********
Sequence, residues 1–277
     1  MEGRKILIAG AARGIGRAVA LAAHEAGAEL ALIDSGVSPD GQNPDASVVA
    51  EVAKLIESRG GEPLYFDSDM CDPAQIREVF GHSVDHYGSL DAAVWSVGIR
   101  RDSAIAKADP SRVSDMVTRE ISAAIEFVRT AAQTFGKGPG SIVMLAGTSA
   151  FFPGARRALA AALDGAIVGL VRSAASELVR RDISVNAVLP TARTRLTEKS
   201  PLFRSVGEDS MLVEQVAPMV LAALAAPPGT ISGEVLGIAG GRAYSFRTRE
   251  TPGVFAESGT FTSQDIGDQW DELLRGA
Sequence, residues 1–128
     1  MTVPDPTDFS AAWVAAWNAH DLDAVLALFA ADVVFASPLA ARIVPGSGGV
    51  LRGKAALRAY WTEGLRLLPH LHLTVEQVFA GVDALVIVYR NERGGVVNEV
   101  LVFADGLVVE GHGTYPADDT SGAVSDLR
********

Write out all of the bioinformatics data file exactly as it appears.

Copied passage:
Sequence, residues 1–277
     1  MEGRKILIAG AARGIGRAVA LAAHEAGAEL ALIDSGVSPD GQNPDASVVA
    51  EVAKLIESRG GEPLYFDSDM CDPAQIREVF GHSVDHYGSL DAAVWSVGIR
   101  RDSAIAKADP SRVSDMVTRE ISAAIEFVRT AAQTFGKGPG SIVMLAGTSA
   151  FFPGARRALA AALDGAIVGL VRSAASELVR RDISVNAVLP TARTRLTEKS
   201  PLFRSVGEDS MLVEQVAPMV LAALAAPPGT ISGEVLGIAG GRAYSFRTRE
   251  TPGVFAESGT FTSQDIGDQW DELLRGA
Sequence, residues 1–128
     1  MTVPDPTDFS AAWVAAWNAH DLDAVLALFA ADVVFASPLA ARIVPGSGGV
    51  LRGKAALRAY WTEGLRLLPH LHLTVEQVFA GVDALVIVYR NERGGVVNEV
   101  LVFADGLVVE GHGTYPADDT SGAVSDLR